|System: Wii, PSP||Review Rating Legend|
|Dev: Locomotive Games||1.0 - 1.9 = Avoid||4.0 - 4.4 = Great|
|Pub: THQ||2.0 - 2.4 = Poor||4.5 - 4.9 = Must Buy|
|Release: Feb. 25, 2008||2.5 - 2.9 = Average||5.0 = The Best|
|Players: 1-2||3.0 - 3.4 = Fair|
|ESRB Rating: Teen||3.5 - 3.9 = Good|
The release of the original Destroy All Humans game made some waves and caused some controversy (apparently some parents didn't like the idea of their children indiscriminately destroying innocent civilians go figure). But beyond that, there was a funny game that ironically twisted such sci-fi shooters as Halo on their head. Rather than playing as a human being killing aliens, you're an alien killing human beings. And now the Wii gets a taste of the series with its iteration of the Destroy All Humans series, subtitled Big Willy Unleashed.
You're thrust immediately into the role of Crypto, an alien who has reportedly been killing humans for 20 years. One of his superiors, named Cox (don't ask me, because I don't know), is raking in tons of cash thanks to his fast-food chain that he's started on Earth. Ironically (and disgustingly), he is using the bodies of the many people that Crypto has killed to create the fast food chain's popular hot dogs (another hilarious poke that astute gamers will appreciate). But a busty, bratty heiress has been kidnapped (for the umpteenth time), and she is convinced that she has discovered Big Willy's secret, thanks somehow to her abductors. So it's up to Crypto to take the reigns and kill some humans as he attempts to mask his boss's disgusting secret and destroy the heiress. The reason I really mention the game's story isn't so much that it's actually good, but rather that it is absolutely hilarious. As you may have gathered from reading the above brief and general synopsis, there are tons of stereotypical characters and countless nods toward the weird aspect of 70s culture (admittedly, the developers have had a lot to work with). While it won't compel you to keep playing if you become bored with this game, the dialogue does reward players with some genuinely funny jokes.
In fact, one such humorous situation is actually the way in which the story is told; the game features some pretty decent-in-areas voice acting. Crypto, in particular, has an incredibly annoying voice that genuinely sounds as if somebody is yelling in monotone into a tin can. However, surrounded in an environment with blasting disco music and crazy hairdos, this really doesn't seem that out of place. In fact, if anything, the cheesy voice acting only serves to enhance the theme and atmosphere of the game. I honestly can't tell whether or not this is intentional, but regardless, it's an interesting study in how a "negative" aspect of a game doesn't actually have to be negative.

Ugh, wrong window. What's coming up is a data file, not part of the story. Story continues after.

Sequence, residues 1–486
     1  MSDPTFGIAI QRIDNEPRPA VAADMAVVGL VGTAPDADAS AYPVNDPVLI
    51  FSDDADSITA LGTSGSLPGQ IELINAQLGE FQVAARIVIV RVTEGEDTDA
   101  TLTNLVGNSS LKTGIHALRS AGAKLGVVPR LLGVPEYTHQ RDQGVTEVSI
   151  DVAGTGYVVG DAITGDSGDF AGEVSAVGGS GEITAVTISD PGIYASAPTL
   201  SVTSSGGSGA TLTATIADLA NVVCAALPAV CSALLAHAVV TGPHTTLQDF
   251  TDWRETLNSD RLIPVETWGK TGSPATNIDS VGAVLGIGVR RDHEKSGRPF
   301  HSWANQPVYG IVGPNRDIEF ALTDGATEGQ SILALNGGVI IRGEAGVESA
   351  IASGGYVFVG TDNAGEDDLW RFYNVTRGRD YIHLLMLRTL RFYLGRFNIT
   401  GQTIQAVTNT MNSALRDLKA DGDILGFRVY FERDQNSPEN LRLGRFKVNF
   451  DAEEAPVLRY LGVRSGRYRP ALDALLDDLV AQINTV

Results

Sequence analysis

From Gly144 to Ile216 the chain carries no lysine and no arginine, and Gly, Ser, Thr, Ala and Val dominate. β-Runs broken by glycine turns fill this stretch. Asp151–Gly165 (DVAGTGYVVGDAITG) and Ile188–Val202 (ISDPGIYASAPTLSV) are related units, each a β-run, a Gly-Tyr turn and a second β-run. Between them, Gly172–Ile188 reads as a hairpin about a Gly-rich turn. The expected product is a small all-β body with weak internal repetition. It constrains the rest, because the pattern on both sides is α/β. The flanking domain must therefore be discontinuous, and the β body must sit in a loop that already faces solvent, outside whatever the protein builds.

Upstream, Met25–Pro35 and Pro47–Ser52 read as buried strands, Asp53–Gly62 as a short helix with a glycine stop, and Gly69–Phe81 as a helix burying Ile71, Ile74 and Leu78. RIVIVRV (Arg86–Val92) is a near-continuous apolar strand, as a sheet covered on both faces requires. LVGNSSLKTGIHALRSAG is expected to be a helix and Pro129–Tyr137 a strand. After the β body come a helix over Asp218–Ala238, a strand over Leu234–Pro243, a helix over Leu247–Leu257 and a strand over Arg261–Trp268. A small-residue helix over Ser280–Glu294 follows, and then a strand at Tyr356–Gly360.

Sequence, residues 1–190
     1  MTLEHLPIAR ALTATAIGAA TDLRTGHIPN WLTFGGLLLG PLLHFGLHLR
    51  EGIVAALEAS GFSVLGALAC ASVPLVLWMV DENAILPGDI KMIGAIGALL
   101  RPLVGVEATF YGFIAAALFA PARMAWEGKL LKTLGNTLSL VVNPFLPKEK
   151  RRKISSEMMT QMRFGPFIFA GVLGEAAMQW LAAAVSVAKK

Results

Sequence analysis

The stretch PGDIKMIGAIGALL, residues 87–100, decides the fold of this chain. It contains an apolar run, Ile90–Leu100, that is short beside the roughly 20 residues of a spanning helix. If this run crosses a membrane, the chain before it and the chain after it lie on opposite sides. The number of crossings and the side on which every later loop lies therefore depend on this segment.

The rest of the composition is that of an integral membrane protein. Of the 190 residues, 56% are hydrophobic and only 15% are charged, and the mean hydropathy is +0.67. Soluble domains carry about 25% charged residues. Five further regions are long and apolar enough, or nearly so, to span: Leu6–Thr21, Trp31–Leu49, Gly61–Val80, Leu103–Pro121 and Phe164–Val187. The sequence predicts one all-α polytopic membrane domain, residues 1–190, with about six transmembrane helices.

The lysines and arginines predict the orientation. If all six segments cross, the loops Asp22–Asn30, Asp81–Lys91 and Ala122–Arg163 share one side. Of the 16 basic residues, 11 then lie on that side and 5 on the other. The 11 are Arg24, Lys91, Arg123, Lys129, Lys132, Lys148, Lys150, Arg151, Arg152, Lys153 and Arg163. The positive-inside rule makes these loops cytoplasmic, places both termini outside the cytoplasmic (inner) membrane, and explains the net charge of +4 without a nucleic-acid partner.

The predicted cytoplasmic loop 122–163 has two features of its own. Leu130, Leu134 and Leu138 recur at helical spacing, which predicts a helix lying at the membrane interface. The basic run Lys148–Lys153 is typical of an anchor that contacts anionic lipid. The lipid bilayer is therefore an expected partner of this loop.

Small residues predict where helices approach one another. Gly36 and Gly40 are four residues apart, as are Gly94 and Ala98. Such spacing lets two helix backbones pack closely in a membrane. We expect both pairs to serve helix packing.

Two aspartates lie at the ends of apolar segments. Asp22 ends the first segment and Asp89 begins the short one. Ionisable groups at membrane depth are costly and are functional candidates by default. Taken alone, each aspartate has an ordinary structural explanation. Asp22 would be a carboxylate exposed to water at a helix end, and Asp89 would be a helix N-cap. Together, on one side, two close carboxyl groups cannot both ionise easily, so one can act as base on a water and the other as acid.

The game unfolds in a very Grand Theft Auto-esque style, with a scattering of missions throughout the map. However, like in the GTA games, plenty of fun can be had just roaming around using your weapons and abilities to wreak havoc on unsuspecting humans. It's a good gameplay mechanic because there's a sense of linearity to the game, but if that's not what floats your boat then you won't have to search out each mission and follow Cox's strict directions throughout each task. The missions proceed pretty logically in your attempt to stop the heiress from disclosing the secret of Big Willy, and the plot rather quickly advances from there.
But Big Willy Unleashed isn't just a sandbox game, because the developers have given you a great reason to actually go through and play each mission. The only way that you can unlock anything is by playing through missions. Unlockables vary widely, but the two most fun features of Big Willy Unleashed are the weapons and the mind powers. Weapons are, as you'd expect, pretty futuristic and pretty much what you'd expect. You start out with a very limited arsenal, but as you play through more missions, more of the game's weapons will become unlocked. They range from a fairly predictable jet of electricity to an incinerator and tons of stuff in between. Much of the fun of the weapons lies in seeing how your victims react to them, because it varies vastly for each weapon. Crypto also has a number of mind abilities at his disposal, which include being able to conjure ammunition, hypnotize people to get them to do his bidding, or possess them and mingle with humans unnoticed.